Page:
Jacinta: Just how did he he work that out? Did he think that a bar magnet passed through the centre of the Earth from north to south pole?

Canto: I don’t think so, it’s probably more like he thought of Earth as a gigantic spherical lodestone with iron at its centre. It’s understandable that he would infer iron to be inside the Earth to make it magnetic, but he was the first to give a geocentric cause for the behaviour of compass needles – others had thought the attractive force was celestial. Interestingly, Gilbert was also a Copernican, in that he thought it absurd that the stars, which he believed to be vastly distant, revolved around the Earth. So he argued that the Earth turned, a view that got Galileo into so much trouble a few decades later.

Jacinta: Useful to be a Protestant in those times. Thank Dog for Henry VIII.

Canto: He also took an interest in what was later called electricity, though he didn’t consider it connected to magnetism. He built a versorium, the first electroscope, used to detect static electric charge. It was simply a metallic needle pivoted on a pedestal, like a compass needle but not magnetised. The needle would move towards a statically charged object, such as rubbed amber. In fact, Gilbert’s experiments strove to prove that static electricity was distinct from magnetism, which was an important development in early modern science.

Jacinta: I suppose we’re going to learn exactly what ‘static’ electricity is and how it fits in the over-all picture?

Canto: We shall try, though I shudder to think about what we’re embarking on here.

Jacinta: And I shudder to think about what cannot possibly be avoided – mathematics.

Canto: Well, yes, as we enter the 17th century, we’ll be encountering some great mathematical developments – with figures like Descartes, Pascal, Fermat, Liebniz and Newton all adding their weighty contributions to Galileo’s claim that nature is a book written in the language of mathematics.

Jacinta: Shit, I’m having a hard enough time trying to understand this stuff in English.

Canto: Hopefully it’ll be a great and rewarding adventure, and on the way we’ll learn about Coulomb’s inverse-square law, which is central to electrostatics. Meanwhile, it seems not much was added to our understanding of magnetism for a couple of hundred years, until Hans Ørsted’s more or less accidental discovery in 1819 that an electric current could create a magnetic field, by noting that a compass needle moved when placed near an electrified wire. Alessandro Volta had invented the voltaic pile, or battery, twenty years earlier, leading to a pile of electrical experiments in subsequent years.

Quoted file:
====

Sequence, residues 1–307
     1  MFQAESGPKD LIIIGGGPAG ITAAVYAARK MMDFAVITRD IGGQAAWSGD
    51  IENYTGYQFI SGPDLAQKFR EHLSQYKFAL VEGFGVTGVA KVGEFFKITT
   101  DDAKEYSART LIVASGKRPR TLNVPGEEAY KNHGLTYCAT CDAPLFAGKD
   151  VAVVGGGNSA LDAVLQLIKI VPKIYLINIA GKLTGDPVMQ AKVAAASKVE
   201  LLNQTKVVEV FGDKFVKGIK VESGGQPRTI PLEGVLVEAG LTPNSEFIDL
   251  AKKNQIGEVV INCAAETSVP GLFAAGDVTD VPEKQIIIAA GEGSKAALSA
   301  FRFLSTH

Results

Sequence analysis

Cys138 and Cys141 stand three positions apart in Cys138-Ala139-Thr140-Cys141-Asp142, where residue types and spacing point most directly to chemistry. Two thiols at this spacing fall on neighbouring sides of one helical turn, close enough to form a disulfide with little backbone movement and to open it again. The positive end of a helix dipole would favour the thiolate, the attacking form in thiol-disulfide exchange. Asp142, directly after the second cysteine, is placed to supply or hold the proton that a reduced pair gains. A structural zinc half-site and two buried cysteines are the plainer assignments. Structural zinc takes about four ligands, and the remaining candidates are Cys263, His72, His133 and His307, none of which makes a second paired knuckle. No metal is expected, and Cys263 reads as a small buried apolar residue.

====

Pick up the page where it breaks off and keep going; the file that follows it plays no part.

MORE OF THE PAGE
Jacinta: But we’ll have to go back to the eighteenth century or beyond to trace developments in electricity before Ørsted’s finding brought the two fields together. And maybe we’ll look at the mathematics of
Charles-Augustin de Coulomb and others in the process. Let’s face it, we can’t progress towards Maxwell without doing so.

Canto: Tragic but true.

Written by stewart henderson

March 31, 2019 at 1:37 pm

on electrickery, part 2 – the beginnings

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William Gilbert, author of De Magnete, 1600

Canto: So let’s now start at the beginning. What we now call electricity, or even electromagnetism, has been observed and questioned since antiquity. People would’ve wondered about lightning and electrostatic shocks and so forth.

Jacinta: And by an electrostatic shock, you mean the sort we get sometimes when we touch a metal door handle? How does that work, and why do we call it electrostatic?

Canto: Well we could do a whole post on static electricity, and maybe we should, but it happens when electrons – excess electrons if you like – move from your hand to the conductive metal. This is a kind of electrical discharge. For it to have happened you need to have built up electric charge in your body. Static electricity is charge that builds up through contact with clothing, carpet etc. It’s called static because it has nowhere to go unless it comes into contact with a positive conductor.

Jacinta: Yes and it’s more common on dry days, because water molecules in the atmosphere help to dissipate electrons, reducing the charge in your body.

Canto: So the action of your shoes when walking on carpet – and rubber soles are worst for this – creates a transfer of electrons, as does rubbing a plastic rod with wooden cloth. In fact amber, a plastic-like tree resin, was called ‘elektron’ in ancient Greek. It was noticed in those days that jewellery made from amber often stuck to clothing, like a magnet, causing much wonderment no doubt.

Jacinta: But there’s this idea of ‘earthing’, can you explain that?

Canto: It’s not an idea, it’s a thing. It’s also called grounding, though probably earthing is better because it refers to the physical/electrical properties of the Earth. I can’t go into too much detail on this, its complexity is way above my head, but generally earthing an electrical current means dissipating it for safety purposes – though the Earth can also be used as an electrical conductor, if a rather unreliable one. I won’t go any further as I’m sure to get it wrong if I haven’t already.

Jacinta: Okay, so looking at the ‘modern’ history of our understanding of electricity and magnetism, Elizabethan England might be a good place to start. In the 1570s mathematically minded seamen and navigators such as William Borough and Robert Norman were noting certain magnetic properties of the Earth, and Norman worked out a way of measuring magnetic inclination in 1581. That’s the angle made with the horizon, which can be positive or negative depending on position. It all has to do with the Earth’s magnetic field lines, which don’t run parallel to the surface. Norman’s work was a major inspiration for William Gilbert, physician to Elizabeth I and a tireless experimenter, who published De Magnete (On the Magnet – the short title) in 1600. He rightly concluded that the Earth was itself a magnet, and correctly proposed that it had an iron core. He was the first to use the term ‘electric force’, through studying the electrostatic properties of amber.